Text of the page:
The World Health Organisation has backed the use of experimental Ebola drugs in West Africa, as the deadly virus continues to spread in Nigeria. Joel Flynn asks what limited supplies of the vaccine could mean for further containment and how stretched health services can handle further spread.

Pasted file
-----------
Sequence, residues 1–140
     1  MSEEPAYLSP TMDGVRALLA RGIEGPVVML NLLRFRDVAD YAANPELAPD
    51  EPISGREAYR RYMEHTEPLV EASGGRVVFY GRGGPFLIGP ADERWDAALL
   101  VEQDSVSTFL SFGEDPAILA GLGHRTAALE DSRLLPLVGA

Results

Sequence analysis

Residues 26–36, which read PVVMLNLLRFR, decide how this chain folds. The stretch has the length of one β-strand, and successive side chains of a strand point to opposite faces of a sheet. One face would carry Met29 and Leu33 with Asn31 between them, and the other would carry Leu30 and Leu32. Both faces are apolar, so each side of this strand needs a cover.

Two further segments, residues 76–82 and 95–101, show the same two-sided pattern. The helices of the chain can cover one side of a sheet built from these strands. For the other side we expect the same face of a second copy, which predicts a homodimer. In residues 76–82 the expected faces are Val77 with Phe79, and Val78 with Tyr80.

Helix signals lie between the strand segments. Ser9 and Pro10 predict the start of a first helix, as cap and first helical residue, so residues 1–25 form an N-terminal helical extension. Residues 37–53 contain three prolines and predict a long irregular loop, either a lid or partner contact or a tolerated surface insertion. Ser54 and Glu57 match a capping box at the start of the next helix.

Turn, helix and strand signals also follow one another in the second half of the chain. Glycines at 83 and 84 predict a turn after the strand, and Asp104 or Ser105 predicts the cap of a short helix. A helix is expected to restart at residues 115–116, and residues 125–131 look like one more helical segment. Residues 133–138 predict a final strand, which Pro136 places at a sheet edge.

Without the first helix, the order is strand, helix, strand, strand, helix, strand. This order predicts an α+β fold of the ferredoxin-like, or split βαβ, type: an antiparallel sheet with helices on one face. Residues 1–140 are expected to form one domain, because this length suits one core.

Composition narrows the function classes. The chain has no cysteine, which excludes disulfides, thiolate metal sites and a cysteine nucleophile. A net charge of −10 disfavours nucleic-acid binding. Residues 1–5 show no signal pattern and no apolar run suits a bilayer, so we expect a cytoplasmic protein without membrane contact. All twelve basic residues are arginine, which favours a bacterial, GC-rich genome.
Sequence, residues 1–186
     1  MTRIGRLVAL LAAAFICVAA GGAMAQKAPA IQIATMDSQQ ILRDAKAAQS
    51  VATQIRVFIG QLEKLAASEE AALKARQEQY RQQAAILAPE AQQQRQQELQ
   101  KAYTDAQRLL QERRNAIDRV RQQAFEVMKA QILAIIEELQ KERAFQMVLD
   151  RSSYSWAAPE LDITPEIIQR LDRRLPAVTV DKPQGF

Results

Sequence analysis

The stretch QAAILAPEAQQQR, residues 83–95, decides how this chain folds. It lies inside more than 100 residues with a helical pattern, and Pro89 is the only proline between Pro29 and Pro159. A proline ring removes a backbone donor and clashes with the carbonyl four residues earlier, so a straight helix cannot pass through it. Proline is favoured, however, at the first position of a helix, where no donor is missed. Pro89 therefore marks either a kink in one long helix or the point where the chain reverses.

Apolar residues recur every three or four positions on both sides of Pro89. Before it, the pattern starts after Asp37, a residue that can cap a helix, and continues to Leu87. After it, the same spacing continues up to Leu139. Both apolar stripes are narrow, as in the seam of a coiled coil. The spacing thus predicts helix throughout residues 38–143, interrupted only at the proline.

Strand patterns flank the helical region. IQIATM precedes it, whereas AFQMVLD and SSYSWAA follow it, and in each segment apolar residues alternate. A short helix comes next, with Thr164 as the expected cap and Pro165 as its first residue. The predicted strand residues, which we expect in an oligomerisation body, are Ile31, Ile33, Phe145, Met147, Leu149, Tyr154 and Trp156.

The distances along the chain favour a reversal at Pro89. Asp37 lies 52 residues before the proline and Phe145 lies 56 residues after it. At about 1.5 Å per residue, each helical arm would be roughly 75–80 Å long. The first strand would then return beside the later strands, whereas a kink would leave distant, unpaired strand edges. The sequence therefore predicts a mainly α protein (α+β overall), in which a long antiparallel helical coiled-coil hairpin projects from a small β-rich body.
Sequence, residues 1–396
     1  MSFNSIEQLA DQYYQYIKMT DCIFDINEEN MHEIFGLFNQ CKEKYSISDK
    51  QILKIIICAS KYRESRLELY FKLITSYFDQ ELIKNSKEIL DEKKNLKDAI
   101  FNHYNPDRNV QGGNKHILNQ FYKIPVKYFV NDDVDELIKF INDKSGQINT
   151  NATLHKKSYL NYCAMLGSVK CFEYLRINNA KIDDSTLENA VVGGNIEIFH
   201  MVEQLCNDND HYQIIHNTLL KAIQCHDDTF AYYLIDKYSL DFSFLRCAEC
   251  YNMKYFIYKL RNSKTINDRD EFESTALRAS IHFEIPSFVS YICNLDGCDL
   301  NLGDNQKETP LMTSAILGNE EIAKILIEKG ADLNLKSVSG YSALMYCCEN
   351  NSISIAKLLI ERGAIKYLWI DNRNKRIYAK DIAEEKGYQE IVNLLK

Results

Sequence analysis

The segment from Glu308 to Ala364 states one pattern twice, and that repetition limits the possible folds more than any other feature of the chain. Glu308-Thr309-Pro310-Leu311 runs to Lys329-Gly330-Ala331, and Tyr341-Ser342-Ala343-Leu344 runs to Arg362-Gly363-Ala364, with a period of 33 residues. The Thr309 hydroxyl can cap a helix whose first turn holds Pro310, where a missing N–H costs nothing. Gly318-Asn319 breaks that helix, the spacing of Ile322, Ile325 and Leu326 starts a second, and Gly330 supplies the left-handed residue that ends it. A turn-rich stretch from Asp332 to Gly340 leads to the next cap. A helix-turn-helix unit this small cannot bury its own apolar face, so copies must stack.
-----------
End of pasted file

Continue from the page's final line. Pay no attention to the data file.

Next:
It's already the worst-ever outbreak of Ebola. The deadly virus has now killed a third person in Nigeria and there are ten confirmed cases. President Goodluck Jonathan holding more meetings with regional governors and health officials about how to limit the spread of the disease. SOUNDBITE: Nigerian President, Goodluck Jonathan, saying (English): "Where they lack, the federal government will support the state to make sure that they have what it takes to contain the Ebola; it's unfortunate that one mad man brought the Ebola to us but we have to contain it." He's referring to Liberian-American Patrick Sawyer - who brought Ebola to Lagos from Liberia. He's one of the thousand people who've died - the vast majority in Guinea, Liberia and Sierra Leone. The World Health Organisation now says unproven drugs can be offered to infected people. That includes U.S. drug ZMapp, which has had reports of success. Canada has also offered to donate a small quantity of its experimental vaccine for use in Africa. Marie-Paule Kieny is from the WHO. SOUNDBITE: WHO Assistant Director-General, Marie-Paule Kieny, saying (English): "There are some potential therapies and vaccines which look promising but which have not yet been tested or if they have not thoroughly in clinical trials." There are only limited supplies - just 10 to 12 doses of ZMapp, says the WHO. It's appealed for funds and medical staff to bolster health care in one of the world's poorest regions. The suffering made worse by health services that are struggling to cope, says the Secretary General of humanitarian organisation IFRC. SOUNDBITE: IFRC Secretary General, Elhadj As Sy, saying (French): "There will be no acceptance if stigmatisation increases, so we have to work on two points: more respect and more protection for the infected and affected people, which will lead to more acceptance." Preventative public health measures are crucial. Some countries issuing their own orders - regional economic powerhouse Ivory Coast has banned air travellers from the three worst-hit countries. And in Nigeria, bloggers and activists are trying to raise awareness about transmission. SOUNDBITE: Hexavia Logistics General Manager, Babajide Fadoju, saying (English): "The most important aspect of all viruses, of all problems has got to do with talking about it, because you need to know what's happening in order for you to tackle it." Outside Africa, countries from Peru to the Czech Republic have high security labs for Ebola. While a Taiwanese airport has held containment drills. The disease seems unlikely to spread in developed countries - but there's no sign of an end to the outbreak.